Europe’s energy consumption has to be decarbonized speedily to reach climate neutrality targets, the draft report emphasizes. A lot of progress in providing carbon-free solar and wind energy to European consumers has been negatively impacted by the pandemic, the report acknowledges. “The Covid-19 crisis, however, is seriously affecting the renewables market: The European solar and wind markets are projected to shrink by 20% and 33% this year, respectively, due to supply chain disruptions, project delays and stricter financing conditions,” according to the draft.
“A green recovery package should ensure acceleration of renewable energy products, especially wind and solar” at distribution and transmission level “and of cross-border relevance. Support action will avoid job losses and present good potential for job creation,” it said.
This will involve an investment of €25 billion for two years in solar and offshore wind investment installations to support 25% of the market under the EU Tendering Scheme “15GW renewable electricity.” An additional €10 billion over two years will be provided to national governments to promote solar and wind power.
The report sees hydrogen as a key fuel for Europe and a priority is developing “sustainable hydrogen technology.”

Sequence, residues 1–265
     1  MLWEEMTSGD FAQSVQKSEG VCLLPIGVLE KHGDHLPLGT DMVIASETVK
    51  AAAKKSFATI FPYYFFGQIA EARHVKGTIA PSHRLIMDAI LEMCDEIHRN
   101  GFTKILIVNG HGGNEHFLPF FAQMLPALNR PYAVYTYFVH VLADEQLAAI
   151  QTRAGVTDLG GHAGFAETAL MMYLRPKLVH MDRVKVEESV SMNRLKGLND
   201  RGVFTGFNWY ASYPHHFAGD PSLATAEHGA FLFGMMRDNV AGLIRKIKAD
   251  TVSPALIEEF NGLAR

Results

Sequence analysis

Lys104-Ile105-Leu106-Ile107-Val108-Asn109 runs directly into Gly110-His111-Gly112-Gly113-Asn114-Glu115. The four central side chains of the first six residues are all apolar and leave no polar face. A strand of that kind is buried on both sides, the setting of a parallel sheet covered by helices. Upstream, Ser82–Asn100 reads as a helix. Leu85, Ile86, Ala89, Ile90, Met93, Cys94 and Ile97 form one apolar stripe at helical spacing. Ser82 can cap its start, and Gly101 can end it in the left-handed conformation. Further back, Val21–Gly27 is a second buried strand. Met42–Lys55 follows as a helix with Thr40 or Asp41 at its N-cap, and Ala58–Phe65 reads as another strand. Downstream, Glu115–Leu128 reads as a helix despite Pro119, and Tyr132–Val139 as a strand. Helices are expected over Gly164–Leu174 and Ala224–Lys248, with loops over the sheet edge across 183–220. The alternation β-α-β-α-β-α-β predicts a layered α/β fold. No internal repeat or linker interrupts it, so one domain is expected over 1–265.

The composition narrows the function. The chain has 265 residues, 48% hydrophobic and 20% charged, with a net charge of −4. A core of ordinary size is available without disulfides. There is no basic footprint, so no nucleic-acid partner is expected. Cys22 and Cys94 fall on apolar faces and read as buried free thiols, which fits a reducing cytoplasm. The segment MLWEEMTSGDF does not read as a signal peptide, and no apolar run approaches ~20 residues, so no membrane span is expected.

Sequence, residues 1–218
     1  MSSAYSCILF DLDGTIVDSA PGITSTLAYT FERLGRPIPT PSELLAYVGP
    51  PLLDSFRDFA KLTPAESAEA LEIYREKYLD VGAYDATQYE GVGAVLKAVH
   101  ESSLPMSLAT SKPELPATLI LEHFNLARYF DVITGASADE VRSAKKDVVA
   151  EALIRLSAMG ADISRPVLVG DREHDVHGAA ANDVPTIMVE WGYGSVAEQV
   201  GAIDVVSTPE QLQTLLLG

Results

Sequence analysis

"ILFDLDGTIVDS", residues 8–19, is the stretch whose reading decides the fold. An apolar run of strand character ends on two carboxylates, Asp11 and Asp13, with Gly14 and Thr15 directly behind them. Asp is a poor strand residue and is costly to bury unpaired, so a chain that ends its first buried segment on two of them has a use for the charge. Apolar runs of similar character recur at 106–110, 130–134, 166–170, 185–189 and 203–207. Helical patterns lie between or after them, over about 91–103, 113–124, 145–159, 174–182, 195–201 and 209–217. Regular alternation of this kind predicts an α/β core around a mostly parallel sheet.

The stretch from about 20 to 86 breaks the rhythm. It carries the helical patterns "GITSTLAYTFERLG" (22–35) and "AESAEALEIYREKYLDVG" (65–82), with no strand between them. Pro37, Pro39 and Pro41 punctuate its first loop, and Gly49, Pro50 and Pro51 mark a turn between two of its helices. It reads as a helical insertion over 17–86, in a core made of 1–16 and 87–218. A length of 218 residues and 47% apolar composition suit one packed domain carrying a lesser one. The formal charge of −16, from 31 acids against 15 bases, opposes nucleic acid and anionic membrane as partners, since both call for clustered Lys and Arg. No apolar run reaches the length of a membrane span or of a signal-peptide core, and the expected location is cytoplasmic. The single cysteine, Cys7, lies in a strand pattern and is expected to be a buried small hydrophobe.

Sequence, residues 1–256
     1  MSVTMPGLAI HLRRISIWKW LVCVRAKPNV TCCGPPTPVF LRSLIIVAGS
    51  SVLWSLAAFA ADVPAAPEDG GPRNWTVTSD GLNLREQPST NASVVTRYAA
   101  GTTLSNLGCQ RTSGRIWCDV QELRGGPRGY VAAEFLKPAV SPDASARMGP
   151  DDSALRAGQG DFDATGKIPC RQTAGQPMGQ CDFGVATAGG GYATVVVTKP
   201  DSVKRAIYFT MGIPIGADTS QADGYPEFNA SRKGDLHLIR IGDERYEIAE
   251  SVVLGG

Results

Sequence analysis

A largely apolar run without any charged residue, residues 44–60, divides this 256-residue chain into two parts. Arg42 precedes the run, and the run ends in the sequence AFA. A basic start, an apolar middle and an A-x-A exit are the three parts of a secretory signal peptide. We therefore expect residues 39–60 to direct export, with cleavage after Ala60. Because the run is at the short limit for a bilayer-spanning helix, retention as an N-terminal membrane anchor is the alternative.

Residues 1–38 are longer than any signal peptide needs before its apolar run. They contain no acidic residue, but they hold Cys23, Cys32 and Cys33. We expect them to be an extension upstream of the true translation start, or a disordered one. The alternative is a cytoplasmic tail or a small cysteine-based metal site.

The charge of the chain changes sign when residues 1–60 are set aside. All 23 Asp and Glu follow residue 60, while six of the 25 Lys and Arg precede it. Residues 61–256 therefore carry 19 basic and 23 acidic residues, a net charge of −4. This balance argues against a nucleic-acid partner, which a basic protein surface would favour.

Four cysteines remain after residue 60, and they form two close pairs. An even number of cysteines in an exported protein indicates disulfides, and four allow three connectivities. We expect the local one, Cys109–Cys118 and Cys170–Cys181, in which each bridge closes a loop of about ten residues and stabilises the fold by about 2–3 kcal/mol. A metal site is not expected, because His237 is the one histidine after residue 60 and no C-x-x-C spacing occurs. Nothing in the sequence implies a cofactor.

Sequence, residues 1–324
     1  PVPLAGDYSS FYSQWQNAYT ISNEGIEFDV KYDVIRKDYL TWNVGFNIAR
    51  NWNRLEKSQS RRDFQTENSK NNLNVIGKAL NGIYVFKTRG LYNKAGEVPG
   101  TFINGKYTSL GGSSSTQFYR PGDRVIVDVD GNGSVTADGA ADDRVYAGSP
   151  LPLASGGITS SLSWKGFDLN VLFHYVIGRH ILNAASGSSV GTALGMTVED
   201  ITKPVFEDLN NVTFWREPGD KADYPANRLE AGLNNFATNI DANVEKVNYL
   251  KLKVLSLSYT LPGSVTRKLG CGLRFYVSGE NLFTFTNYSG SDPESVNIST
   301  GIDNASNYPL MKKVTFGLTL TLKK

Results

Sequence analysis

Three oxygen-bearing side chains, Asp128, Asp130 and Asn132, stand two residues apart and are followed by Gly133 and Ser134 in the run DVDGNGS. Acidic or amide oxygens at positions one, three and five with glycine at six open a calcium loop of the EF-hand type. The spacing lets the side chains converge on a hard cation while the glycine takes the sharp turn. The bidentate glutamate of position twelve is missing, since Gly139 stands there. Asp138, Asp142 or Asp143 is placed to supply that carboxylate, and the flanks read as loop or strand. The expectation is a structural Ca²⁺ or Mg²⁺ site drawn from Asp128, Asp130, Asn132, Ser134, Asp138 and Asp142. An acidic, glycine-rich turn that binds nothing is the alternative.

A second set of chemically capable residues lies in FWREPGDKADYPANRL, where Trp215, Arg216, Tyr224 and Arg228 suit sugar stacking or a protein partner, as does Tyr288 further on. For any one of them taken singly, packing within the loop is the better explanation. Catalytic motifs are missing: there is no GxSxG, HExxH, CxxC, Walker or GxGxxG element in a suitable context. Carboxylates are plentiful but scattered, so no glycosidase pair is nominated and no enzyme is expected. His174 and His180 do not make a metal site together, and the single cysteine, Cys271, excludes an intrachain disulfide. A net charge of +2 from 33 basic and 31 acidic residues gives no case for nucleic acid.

“As a carbon-free energy carrier, hydrogen would allow for bulk transport of energy over long distances, for storage of large energy volumes and could be used to de-carbonize energy use in hard-to-abate sectors such as the chemical and steel industry and heavy transport.”
The Commission will kick-start research and innovation to reduce clean hydrogen costs. This will involved a fund of around €10 billion over 10 years “to substantially reduce risks of large/complex projects such as hydrogen ones.”
The aim is to produce 1 million tonnes of clean hydrogen — which at the moment is vastly more expensive than carbon-heavy grey hydrogen used in fertilizer and refinery plants.
Clean and resilient mobility
More than 50 million people are employed in the EU’s transport sector — from international trucking to building bicycle lanes and rail transit. The report says “mobility must decarbonize fast to reach our target of climate neutrality by 2050.”